The SBA also conducted tribal consultations to gain further public input to the revisions in Albuquerque, Fairbanks and Anchorage, Alaska, and Seattle. In total, the SBA received more than 2,500 individual comments from the public.

The 8(a) program is a nine-year business development program for small businesses where the owner(s) fits the SBA’s criteria of being socially and economically disadvantaged and the same owners control the firm. The 8(a) program helps these firms develop their business and provides them with access to government contracting opportunities, allowing them to become solid competitors in the federal marketplace. It also provides specialized business training, counseling, marketing assistance and high-level executive development to its participants. In FY09, small businesses received $18.6 billion in 8(a) contract dollars.

 

 

John Clancey Don Rhea

 

 

 

 

March 30, 2011 Posted by | 8(a), business development program, SDB, SDVOSB, Small Business Administration | , , , , | Leave a comment

GSA boosts per diem rates in major metro areas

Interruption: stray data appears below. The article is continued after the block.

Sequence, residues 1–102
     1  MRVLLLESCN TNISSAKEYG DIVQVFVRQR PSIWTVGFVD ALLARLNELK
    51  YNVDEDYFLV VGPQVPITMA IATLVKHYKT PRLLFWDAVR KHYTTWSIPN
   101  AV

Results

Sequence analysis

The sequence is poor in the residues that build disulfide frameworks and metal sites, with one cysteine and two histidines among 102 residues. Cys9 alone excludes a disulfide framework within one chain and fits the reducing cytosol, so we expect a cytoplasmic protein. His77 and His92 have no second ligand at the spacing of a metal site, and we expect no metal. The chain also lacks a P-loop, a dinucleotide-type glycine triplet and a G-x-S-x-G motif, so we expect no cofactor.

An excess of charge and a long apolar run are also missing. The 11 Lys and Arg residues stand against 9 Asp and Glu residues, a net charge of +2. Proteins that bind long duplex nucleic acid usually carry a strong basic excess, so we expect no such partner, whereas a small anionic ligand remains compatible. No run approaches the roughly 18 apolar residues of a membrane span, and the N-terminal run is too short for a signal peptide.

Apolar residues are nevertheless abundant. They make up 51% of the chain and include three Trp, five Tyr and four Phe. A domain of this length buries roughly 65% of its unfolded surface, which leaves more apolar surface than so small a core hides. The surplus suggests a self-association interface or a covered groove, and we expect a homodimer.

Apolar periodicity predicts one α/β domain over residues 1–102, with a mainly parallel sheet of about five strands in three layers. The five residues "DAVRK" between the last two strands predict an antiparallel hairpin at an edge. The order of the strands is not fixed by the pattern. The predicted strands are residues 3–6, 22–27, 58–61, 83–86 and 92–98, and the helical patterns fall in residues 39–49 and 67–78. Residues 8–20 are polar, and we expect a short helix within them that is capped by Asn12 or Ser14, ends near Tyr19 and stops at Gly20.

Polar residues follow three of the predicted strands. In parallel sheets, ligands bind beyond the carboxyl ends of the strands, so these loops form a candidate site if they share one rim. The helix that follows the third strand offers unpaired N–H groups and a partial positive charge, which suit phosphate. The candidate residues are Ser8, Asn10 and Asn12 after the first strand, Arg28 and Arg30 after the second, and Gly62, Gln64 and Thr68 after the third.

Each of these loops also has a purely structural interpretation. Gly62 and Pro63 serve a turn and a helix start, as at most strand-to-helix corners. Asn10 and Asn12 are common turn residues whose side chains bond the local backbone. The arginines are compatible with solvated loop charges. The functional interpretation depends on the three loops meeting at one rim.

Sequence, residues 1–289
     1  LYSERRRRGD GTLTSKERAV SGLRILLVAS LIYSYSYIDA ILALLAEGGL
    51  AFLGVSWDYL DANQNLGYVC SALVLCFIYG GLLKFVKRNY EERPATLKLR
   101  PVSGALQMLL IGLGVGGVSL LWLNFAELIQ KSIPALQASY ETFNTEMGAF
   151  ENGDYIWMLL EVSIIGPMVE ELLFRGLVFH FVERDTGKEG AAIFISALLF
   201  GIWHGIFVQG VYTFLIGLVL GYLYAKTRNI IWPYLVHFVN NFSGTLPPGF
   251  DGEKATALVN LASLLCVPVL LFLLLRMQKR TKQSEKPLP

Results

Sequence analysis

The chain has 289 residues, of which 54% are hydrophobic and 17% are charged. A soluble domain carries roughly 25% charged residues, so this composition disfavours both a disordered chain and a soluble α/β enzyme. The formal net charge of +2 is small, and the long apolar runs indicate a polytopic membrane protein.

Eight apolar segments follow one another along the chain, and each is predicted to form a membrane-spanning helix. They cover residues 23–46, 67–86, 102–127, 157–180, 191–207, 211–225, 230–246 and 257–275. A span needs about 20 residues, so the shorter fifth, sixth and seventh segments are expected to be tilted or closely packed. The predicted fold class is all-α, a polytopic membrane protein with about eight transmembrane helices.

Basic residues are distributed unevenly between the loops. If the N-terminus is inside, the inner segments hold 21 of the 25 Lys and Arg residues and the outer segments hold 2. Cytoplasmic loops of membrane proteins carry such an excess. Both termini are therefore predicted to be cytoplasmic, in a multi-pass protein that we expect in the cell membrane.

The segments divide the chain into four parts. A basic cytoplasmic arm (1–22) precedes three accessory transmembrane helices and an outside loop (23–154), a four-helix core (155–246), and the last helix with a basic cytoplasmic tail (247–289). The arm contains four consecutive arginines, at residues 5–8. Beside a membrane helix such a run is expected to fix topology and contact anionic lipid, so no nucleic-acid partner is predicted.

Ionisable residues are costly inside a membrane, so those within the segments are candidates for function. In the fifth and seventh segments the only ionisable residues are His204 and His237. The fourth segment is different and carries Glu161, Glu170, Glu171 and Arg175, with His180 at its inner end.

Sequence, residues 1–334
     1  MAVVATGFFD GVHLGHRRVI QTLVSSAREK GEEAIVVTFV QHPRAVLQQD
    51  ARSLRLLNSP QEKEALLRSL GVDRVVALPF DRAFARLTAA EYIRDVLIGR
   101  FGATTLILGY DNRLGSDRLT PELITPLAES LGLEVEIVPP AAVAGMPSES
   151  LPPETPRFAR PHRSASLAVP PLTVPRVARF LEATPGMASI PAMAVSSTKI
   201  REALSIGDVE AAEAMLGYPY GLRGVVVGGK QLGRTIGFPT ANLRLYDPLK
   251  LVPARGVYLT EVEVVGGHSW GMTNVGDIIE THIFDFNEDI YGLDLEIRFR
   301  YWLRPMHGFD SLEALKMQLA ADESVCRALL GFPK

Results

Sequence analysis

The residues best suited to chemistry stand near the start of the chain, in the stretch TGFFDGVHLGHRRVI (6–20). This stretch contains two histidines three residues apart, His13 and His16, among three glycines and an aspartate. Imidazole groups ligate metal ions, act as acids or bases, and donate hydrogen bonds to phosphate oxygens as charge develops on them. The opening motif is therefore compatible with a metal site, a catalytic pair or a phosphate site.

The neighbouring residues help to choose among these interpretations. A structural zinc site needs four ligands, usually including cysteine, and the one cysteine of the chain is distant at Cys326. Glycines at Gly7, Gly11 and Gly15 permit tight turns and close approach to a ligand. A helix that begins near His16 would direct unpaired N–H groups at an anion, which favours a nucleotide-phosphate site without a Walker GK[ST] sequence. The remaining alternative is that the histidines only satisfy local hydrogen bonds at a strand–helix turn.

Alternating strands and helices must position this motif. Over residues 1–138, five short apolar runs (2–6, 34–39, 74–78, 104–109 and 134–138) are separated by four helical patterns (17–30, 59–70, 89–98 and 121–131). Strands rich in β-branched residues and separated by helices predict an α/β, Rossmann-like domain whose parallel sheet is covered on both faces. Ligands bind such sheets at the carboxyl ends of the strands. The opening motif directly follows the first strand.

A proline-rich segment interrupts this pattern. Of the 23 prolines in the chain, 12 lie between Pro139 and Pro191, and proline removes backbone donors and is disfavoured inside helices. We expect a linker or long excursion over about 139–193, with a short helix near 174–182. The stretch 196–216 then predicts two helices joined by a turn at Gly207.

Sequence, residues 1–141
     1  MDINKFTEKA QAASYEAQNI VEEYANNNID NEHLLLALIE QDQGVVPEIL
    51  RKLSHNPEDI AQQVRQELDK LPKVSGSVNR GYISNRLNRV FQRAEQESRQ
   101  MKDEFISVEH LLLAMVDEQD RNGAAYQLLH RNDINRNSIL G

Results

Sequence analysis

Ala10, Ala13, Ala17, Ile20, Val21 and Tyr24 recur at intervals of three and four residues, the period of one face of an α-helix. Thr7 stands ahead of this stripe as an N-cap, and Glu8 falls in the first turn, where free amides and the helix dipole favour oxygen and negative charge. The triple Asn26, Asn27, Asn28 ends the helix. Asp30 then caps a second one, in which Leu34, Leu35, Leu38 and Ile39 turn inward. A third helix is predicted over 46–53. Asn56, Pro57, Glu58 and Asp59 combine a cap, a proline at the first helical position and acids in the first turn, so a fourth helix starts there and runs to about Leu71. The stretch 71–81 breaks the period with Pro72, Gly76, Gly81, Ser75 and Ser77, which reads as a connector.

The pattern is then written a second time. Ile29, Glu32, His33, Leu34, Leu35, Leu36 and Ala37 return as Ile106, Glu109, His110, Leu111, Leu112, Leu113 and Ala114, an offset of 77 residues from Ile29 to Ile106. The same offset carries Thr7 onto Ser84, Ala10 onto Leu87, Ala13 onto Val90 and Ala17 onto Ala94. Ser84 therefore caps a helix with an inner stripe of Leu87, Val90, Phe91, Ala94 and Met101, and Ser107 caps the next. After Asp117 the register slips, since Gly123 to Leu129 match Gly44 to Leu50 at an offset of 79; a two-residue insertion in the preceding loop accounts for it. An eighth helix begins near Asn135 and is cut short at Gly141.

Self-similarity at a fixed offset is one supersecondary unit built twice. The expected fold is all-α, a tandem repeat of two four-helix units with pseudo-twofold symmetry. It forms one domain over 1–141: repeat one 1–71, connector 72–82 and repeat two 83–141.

GSA boosts per diem rates in major metro areas

The General Services Administration is raising the travel per diem rates for lodging in some expensive metropolitan areas as of April 1, according to a notice in Tuesday’s Federal Register.

Federal employees on business travel to New York City and San Francisco will see per diem rates for lodging increase between April and September, based on previous estimates for fiscal 2011. The per diem rate for meals and incidental expenses — currently $71 for both areas — will remain the same. The rate change affects all five New York City boroughs: Manhattan, Brooklyn, the Bronx, Queens and Staten Island.

Beginning next month, travelers to New York can spend $212 per day on lodging, an increase from the current rate of $192. That rate increases to $224 in June, and $295 per day in September. San Francisco can spend $150 per day on lodging beginning next month; in September, that rates increases to $180. Currently, the per diem rate for San Francisco County is $142.

GSA, which sets the federal per diem rates, assigns a reimbursement rate higher than the standard to frequently traveled regions considered more expensive. The standard lodging rate, which covers hotels in 2,600 counties nationwide, increased from $70 to $77 in fiscal 2011.

After its fiscal 2011 midyear review, the government also decided to boost lodging rates as of April 1 for the following areas: San Bernardino County in California, which includes the cities of Barstow, Ontario and Victorville; Layette County in Mississippi, where Oxford is located; Harrisburg and Hershey in Pennsylvania’s Dauphin County; Greenville in Texas’s Hunt County, and Bowling Green in Virginia’s Caroline County. The per diem figures for Harrisburg and Hershey increase from $106 to $134 from April through August, but dip back to $107 in September.